hands, such as paper towels.” Diseases that can be transmitted from animals to humans

include campylobacter, cryptosporidiosis, E. coli, leptospirosis, listeriosis, milker’s nodules, ringworm,

salmonella and streptococcus. Farm workers can become ill through small cuts or abrasions, by getting animal

blood, urine or faeces splashed in eyes, nose or mouth, or through cross contamination via hands.

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FARM SAFETY FEATURE

37

and well, says WorkSafe “Workers should all have appropriate personal protective equipment (PPE). Hands should be covered so suitable disposable gloves should be provided. Waterless alcohol-based hand rubs can sanitise visibly clean hands,’’ McCone said. Workers should take off their stock-handling protective equipment after leaving the cattle shed, and wash before eating, drinking or smoking. “Make sure everyone knows their role, what the risks are and the best ways to mitigate them. By working with your team to establish and communicate a safety and wellness plan, you’ll limit the risk of staff sickness or injury at such a key time.’’ McCone said the combination of long days, physical work, and wet or cold weather added to the risks experienced throughout the rest of the year. “No farmer should lose sight of the fact that most farm at-work fatalities occur in and around farm vehicles and they

need to have in place systems that make sure the risk from vehicles is fully identified and managed.” Meanwhile, WorkSafe is committed to keeping bullying and harassment out of city and farming workplaces. Studies suggest that one in three workers in urban and rural workplaces report experiencing some form of bullying or harassment each year. WorkSafe records show about 125 cases indicated bullying in the past four years among more than 10,000 of health and safety incidents or events. The agency investigated 11 of them and nearly half were either referred to the Employment Relations Authority, police or other agencies. Part of WorkSafe’s harm prevention work this year is to help create workplace cultures that support good health and safety and assisting businesses to recognise bullying and harassment risks.

Calving is a busy time for dairy farmers and can put workers under stress. PHOTO ASHBURTON GUARDIAN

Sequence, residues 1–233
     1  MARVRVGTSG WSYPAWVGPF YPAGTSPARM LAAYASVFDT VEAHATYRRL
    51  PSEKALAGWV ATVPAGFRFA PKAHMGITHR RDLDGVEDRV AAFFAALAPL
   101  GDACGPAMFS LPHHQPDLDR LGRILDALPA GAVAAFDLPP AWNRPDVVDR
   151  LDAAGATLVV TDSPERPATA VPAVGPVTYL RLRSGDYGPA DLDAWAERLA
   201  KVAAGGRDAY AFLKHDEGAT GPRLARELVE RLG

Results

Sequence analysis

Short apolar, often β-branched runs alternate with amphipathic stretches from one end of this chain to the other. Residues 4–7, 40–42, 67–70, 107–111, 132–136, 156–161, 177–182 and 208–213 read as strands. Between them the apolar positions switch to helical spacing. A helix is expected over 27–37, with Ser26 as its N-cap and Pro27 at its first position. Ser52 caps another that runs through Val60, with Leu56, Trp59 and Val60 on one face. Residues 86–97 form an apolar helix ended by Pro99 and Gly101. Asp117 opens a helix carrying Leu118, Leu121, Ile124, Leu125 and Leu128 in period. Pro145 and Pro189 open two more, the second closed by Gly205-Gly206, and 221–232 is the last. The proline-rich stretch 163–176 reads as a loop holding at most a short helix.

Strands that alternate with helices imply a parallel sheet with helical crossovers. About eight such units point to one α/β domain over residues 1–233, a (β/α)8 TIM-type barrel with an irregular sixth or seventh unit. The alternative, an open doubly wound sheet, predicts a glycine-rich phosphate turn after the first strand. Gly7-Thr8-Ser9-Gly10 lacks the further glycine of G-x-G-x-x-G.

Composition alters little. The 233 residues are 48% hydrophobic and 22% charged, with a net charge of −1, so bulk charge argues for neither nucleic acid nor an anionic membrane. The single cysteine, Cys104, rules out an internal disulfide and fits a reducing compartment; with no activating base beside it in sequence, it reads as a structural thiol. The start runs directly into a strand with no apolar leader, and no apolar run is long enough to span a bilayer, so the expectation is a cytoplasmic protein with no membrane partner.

38

Farming

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FARM SAFETY FEATURE

Training for H&S

The Quadbar story

WorksafeReps has been successfully delivering workplace health and safety training since 2003. Our courses are designed to ensure that business owners and employees understand their responsibilities, either as a H&S Representative and/ or as a manager/supervisor, under the current health and safety legislation (Health and Safety at Work Act 2015). The courses start with an initial training in the basic knowledge requirement for H&S representatives in the workplace. Participants are awarded the unit standard 29315 – Describe the role and functions of the health and safety representative in a New Zealand workplace - after successfully completing the course. Our Stage 2 course focuses on managing risks, building knowledge and skills in hazard and risk management, and injury and accident investigation. The course covers important concepts, legal requirements and practical skills in hazard and risk management, and injury and accident investigation. The Stage 3 course (Advanced Training) extends participants’ skills so they can take an active part in injury management and continuous improvement of health and safety practice, to increase productivity and ensure that all workers can go home

When I first began manufacturing the Quadbar in 2011 and even though extensive testing had been done on it in Australia, I wasn’t totally sure how it would perform in real farm situations. Since then, sales have rapidly grown each year and now in 2018, I can happily say that the Quadbar has been a great success in preventing injuries from quadbike rollovers and of course, not a single death from bikes fitted with one. In Australia, it has gone nuts and sales are around 10,000 now since 2011. The Quadbar is simple to fit to your bike, fits all makes and models and is height adjustable. You can fit it yourself or your local bike dealer can do it for you. Generally, when rollovers have happened, it is not through speed but usually from a moment’s inattention. It can happen to anyone. The bike simply ends up on its side and you can slide out, using the bar to put the bike back on its feet and carry on with your day. I couldn’t be happier with how it works and just love the phone calls and emails I get after a farmer has rolled and hasn’t even got a scratch. The quadbike is also usually undamaged. I have sent Quadbars all over New Zealand but particularly to areas such